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The Beginners Guide to Self-Compassion

If you are an ambitious woman and a perfectionist, you tend to be hard on yourself when things don’t go smoothly. You like to have your fingers in way too many pies at the time, and you’re a bit like a headless chook … then you criticise yourself for not doing enough.

You believe if you try harder, you will be able to do it all. All you need is to find the right system that works for you. Yet, somehow you never manage to complete all the things on your breathlessly long to-do list.

Ahhhh! Sounds familiar?

Believe me; you are not alone. The above is a description of my old self.

In this blog post, I’m showing you how to transform self-criticism into self-compassion so that you can finally accept your “imperfections”.



Self-compassion is the most misunderstood life skill. Yet it is an essential skill for your happiness. In a nutshell, self-compassion is being kind to yourself the way you are kind to your best friend.

It never occurs to us to say to a co-worker, “You stupid cow! How could you misspell the word elicit on your report and then sent it to your boss without the proofreading?” But how many times have we bullied ourselves in that way?

I like this quote from Kristen Neff, “Unlike self-criticism, which asks if you are good enough, self-compassion asks what’s good for you?”

It’s worth paying attention to how you treat yourself daily? Kindly or badly?



Giving yourself self-compassion is no different than being compassionate to your friend. A simple but effective exercise for beginners is speaking to yourself kindly when you don’t cross off all the tasks on your to-do list, make a mistake or when you are overwhelmingly busy, yelling at your children and regretting it.

To help you learn self-compassion hands-on, here is a simple exercise you can incorporate into daily life. It’ll take you 3-5 min.

Whenever you make a mistake, fail, feel hurt, angry, shame, or any other unpleasant emotion, sit down, put your both hands over your heart and ask yourself, “What would I say to my best friend in this situation?” Then say it to yourself.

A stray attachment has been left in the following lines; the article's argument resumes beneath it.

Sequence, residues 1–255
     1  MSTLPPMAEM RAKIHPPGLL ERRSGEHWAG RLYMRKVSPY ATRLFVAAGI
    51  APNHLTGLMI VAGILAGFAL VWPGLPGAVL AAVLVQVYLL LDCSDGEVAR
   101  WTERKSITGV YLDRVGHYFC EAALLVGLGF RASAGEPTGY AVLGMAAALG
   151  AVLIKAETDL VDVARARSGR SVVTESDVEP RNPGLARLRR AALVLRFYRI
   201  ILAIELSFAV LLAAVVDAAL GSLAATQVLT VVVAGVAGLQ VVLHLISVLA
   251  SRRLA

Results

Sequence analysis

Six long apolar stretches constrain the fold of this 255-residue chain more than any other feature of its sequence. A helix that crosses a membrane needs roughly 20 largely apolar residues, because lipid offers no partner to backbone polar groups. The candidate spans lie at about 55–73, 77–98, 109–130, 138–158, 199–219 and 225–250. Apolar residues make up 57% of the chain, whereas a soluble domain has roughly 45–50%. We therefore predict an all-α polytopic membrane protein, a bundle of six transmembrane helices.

There are many reasons for it. I’ll list the most important three.

Reason #1: No one showed us what self-compassion looks like. It’s not a common skill. You’ve been criticising yourself for 30, 40, 50 years. Of course, self-compassion feels wrong, unnatural, and hard. It’s a new muscle that you need to develop—as with all habits, developing a self-compassion habit takes time and feels hard at the beginning.

Reason #2: Self-compassion can elicit backdraft. Backdraft is an expression that firefighters use when a fire has used all the oxygen. When new oxygen is introduced through an open window, the air rushes in, and flames rush out. The same is when we open our closed harts with self-compassion. When we let self-love in old pain rushes out.

Reason #3: Most of the time, we are not mindful. Therefore, not always aware of our suffering or self-criticism. Mindfulness means that we accept the present moment as it is. That usually brings up in us a lot of resistance. We tend to fight our difficult feelings which just add fuel to the fire.




Self-compassion is an amazing skill you can apply to all difficult situations in your life. Some examples of self-compassion are:

  • Speaking to yourself kindly when making a mistake or saying something stupid.
  • Asking yourself what your needs are and meeting your needs daily – especially if you have a busy women syndrome and you feel guilty when you rest.
  • Feeling, allowing, and soothing your painful emotions while giving yourself a lot of tenderness.
  • Connecting with your higher self and your inner wisdom when you’re not sure what to do next.
  • Transforming anger with self-compassion.
  • Forgiving yourself and others for mistakes.
  • Accepting yourself the way you are and being tolerant of your shortcomings.



I can’t tell you how much self-compassion changed my life for the better. I used to be an ambitious woman who was extremely busy from the moment I got up to the moment my head hit the pillow. I was proud of doing it all until I was diagnosed with adrenalin burnout. If you still are not sure if self-compassion is for you let me tell you the benefits of self-compassionLess depression, MORE happiness. Less anxiety, MORE self-acceptance. Less stress, MORE Self-Confidence. Less shame, MORE physical health.

Want to be more kind to yourself? Click here to learn how to leave all the stress behind when things go wrong!

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